18   Rock Around the World \ ‘cnrrnber, 1976




You can say whatever you want about the state of rock, where it’s been, how it’s growing. what’s new instrumentally, but it’s an incontestable fact that Rock Life began in an electric guitar, and rock guitarists have been the most closely watched group of musicians ever since. Each year confronts us, the audience, with a new series of pickers, each of whom aspires to superstar status; whether or not he achieves this desire depends to a great extent on his creativity. It’s not enough to merely be able to cop licks anymore (if it ever was); the approach and feel are just as important as a bare knowledge of how to play.

One of those daring young men with his flying axe is Canadian guitarist Pat Travers. A veteran of clubs in Ottawa. and bistros in Toronto (a higher class club, you understand). Pat fled to the country of his musical inspiration, England. in 1975. While he claimed that it was musically frustrating for him in Canada.

it was also true that England continues to have the highest concentration of talented rock musicians in the world; London brought out Pat’s latent possiblities, as straight off, he cut a demo tape. organized some musicians and made the rounds of the record companies.

All pretty standard stuff, in rock; musicians have been treating London like Mecca for years now, with Jimi Hendrix. Thin Lizzy, Automatic Man and many others getting their first taste of Life At The Top Of The Pops in London. Pat

Travers got a band together consisting of himself, Peter Cowling on bass, and Roy Dyke (since replaced by ex-Streetwalker Nicko) on drums, and recorded his first album. It’s a refreshing look at basic power rock as delivered with taste and imagination; Pat’s guitar carries each tune, but not by outdecibeling everyone else. He’s learned a good sense of dynamics in the clubs of Canada; musically, he doesn’t really land anywhere in particular, although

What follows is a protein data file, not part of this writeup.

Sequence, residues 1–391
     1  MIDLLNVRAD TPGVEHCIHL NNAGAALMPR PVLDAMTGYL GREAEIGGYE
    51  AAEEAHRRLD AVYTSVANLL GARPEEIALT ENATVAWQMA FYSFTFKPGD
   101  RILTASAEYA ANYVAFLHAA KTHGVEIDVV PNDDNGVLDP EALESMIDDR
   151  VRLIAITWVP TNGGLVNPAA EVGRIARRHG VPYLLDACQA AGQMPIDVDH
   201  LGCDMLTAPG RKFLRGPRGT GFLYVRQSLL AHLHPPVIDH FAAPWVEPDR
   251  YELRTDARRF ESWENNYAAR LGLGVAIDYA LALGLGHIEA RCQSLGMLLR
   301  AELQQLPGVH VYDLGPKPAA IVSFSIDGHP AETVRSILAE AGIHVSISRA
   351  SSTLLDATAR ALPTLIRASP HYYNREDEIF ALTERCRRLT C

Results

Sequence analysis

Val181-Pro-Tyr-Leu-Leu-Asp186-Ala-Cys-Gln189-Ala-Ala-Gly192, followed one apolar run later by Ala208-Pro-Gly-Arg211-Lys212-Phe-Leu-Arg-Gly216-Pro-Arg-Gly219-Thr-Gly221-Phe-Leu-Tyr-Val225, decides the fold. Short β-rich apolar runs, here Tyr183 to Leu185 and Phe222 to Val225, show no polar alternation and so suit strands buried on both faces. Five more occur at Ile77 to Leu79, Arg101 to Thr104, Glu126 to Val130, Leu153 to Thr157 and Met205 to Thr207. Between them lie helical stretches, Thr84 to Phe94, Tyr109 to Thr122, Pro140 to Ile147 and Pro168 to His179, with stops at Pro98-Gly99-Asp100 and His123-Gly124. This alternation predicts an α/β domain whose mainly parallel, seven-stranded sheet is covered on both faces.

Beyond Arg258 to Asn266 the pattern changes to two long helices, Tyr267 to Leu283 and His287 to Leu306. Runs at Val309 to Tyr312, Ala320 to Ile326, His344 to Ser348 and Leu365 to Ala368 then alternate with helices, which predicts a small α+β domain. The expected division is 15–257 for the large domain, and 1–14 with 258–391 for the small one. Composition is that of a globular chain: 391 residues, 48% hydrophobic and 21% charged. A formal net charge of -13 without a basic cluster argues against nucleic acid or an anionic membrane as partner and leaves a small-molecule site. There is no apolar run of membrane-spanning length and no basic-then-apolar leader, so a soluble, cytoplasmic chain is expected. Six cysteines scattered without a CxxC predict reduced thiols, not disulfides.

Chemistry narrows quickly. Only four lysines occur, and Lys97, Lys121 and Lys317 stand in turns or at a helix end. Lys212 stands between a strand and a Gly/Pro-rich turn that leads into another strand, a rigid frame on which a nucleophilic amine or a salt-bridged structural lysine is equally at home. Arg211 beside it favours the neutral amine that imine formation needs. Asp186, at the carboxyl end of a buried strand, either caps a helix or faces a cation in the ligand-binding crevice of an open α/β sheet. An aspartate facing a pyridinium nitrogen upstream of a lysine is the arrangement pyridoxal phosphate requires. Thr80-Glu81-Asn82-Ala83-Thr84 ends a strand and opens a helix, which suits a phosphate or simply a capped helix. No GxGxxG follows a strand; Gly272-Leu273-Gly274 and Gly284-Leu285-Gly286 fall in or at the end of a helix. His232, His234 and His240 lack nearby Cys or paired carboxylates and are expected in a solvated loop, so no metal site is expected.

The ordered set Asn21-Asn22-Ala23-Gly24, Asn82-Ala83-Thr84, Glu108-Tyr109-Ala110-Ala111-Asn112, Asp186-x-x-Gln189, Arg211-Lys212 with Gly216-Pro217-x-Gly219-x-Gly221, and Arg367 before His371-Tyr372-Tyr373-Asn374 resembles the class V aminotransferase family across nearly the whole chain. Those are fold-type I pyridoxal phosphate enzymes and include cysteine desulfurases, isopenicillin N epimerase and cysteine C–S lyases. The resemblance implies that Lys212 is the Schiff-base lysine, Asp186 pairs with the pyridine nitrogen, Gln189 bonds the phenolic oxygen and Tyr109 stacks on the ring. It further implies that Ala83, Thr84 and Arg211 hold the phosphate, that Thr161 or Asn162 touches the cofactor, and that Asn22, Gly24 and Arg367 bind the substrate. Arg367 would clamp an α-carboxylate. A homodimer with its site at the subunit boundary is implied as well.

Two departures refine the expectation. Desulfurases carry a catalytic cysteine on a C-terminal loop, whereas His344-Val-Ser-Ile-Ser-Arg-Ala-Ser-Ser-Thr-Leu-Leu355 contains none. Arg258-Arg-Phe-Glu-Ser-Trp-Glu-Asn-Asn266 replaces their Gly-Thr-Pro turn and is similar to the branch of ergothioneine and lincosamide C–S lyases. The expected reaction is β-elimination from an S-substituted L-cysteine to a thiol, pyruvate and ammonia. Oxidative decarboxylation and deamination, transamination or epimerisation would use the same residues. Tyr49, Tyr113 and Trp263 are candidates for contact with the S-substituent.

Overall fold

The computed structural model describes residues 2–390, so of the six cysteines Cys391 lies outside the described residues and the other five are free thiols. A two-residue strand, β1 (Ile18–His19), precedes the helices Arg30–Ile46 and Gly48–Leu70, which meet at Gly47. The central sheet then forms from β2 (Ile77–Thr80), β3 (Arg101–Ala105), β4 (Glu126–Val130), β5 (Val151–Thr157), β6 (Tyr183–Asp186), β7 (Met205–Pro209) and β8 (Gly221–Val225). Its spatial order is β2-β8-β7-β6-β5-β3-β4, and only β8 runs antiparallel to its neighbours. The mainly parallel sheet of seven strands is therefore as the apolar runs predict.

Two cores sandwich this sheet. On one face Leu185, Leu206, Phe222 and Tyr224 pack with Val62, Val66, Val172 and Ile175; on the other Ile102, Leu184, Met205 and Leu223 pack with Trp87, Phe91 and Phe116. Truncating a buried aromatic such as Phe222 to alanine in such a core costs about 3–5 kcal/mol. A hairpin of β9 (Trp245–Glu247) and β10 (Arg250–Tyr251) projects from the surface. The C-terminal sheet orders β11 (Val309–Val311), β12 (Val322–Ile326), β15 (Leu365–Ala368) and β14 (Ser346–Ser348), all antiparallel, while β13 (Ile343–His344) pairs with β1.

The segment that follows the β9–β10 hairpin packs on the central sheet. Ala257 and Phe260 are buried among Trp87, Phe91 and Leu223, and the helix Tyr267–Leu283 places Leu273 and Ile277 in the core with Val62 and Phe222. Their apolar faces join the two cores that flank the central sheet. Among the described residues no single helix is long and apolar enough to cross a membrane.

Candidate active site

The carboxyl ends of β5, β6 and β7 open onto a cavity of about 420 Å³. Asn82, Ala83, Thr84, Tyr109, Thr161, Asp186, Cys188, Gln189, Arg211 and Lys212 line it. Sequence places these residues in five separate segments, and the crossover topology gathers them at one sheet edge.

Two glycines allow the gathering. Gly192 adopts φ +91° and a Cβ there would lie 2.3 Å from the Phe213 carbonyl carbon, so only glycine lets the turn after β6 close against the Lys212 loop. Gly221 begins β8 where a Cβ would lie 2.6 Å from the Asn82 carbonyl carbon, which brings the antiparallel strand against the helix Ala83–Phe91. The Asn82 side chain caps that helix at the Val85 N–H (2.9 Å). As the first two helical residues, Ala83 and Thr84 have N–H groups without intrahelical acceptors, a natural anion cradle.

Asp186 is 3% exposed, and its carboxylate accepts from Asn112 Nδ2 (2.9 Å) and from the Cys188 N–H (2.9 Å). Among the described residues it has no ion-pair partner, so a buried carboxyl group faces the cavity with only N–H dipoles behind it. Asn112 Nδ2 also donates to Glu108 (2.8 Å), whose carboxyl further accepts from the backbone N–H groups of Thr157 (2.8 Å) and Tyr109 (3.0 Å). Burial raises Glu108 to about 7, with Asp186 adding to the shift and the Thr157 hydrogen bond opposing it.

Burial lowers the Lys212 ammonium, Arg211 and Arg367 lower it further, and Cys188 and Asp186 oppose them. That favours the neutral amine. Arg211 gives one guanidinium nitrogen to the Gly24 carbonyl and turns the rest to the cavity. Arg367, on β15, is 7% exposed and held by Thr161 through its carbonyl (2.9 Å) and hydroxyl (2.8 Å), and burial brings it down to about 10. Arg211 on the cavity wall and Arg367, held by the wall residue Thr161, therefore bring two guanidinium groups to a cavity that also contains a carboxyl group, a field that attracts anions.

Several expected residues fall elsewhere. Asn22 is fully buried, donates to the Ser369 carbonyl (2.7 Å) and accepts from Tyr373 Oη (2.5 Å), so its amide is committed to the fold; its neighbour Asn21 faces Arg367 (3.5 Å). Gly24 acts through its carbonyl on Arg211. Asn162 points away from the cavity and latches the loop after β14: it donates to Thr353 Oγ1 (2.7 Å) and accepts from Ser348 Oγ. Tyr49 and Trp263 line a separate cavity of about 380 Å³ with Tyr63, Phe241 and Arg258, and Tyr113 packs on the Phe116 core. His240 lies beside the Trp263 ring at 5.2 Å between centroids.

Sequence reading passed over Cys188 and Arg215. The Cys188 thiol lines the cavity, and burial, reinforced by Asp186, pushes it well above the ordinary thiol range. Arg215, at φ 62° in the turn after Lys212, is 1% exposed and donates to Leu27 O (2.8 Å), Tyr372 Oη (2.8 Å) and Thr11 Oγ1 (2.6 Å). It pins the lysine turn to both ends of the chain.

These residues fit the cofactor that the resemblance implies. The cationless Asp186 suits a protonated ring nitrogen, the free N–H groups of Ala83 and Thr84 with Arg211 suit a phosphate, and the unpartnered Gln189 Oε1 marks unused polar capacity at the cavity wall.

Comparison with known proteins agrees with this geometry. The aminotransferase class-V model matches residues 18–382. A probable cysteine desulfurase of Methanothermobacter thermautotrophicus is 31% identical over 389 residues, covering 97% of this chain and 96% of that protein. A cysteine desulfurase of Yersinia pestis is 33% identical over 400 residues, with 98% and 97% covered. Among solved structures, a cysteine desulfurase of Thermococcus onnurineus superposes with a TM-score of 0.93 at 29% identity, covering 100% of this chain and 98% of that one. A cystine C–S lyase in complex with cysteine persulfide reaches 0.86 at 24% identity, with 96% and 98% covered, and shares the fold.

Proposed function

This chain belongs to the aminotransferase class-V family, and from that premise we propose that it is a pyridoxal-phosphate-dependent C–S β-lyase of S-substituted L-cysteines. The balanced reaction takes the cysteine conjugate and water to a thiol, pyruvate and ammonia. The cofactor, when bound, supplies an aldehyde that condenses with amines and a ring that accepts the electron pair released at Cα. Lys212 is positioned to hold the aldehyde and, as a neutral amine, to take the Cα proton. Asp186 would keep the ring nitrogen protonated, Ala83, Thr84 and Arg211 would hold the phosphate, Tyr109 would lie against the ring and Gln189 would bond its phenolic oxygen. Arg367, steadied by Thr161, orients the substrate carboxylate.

The Animals, Robin Trower, and even an occasional Johnny Wintpr-style line appear now and again. The point, here, is that Pat Travers has learned and learned well the lesson that creativity is an internal function of the musician. not an external parrotting of styles currently in vogue. Pat Travers makes music that will stand the test of time well; included on the album are three standard bar tunes, visions of times past—”Boom Boom”, “Mabellene” and “Hot Rod Lincoln”—yet visions that remain real today. Pat’s own material shows promise as he exhibits a confidence in writing, singing and playing that will make him the all-around performer he wants to be.

He’s back to playing clubs again, but this time they’re clubs like The Marquee in London, where many a band has tightened its act and lubricated its arrangements; rest assured that The Pat Travers Band will be a force to be reckoned with in 1977.


Every so often, a group rumbles down rock ‘n’ roll’s highway that seems the quintessence of the art form: Mott the Hoople. Grin (with Nils Lofgren), Aerosmith, and, to a somewhat lesser degree, Status Quo, all exhibit an affinity

for the roots of rock that puts them in a league apart.

May we now present, for the rock gourmet’s tastebuds, April Wine, grown in the same spirit as the above-mentioned, (with a nice touch of

Elton John here and there), and harvested in Montreal. They’ve been growing into stars in Canada, but it hasn’t been until their fourth album, “The Whole World’s Goin’ Crazy”, that they were signed to London Records in America. The Montreal-based Canadian record company, Aquarius Records, had been behind April Wine from the beginning, and deserve a large part of the credit for keeping the faith with the band.

This band has worked on the road a lot, and it shows in the studio; “The Whole

World’s . . .” has a physically heavy feel to it that you get at a concert, and the keyboards (especially the piano) are mixed up almost against the other instruments instead of Into their arrangements. It’s a subtle difference, but it alters the entire feel of the album, injecting a concert hall pulse in the songs.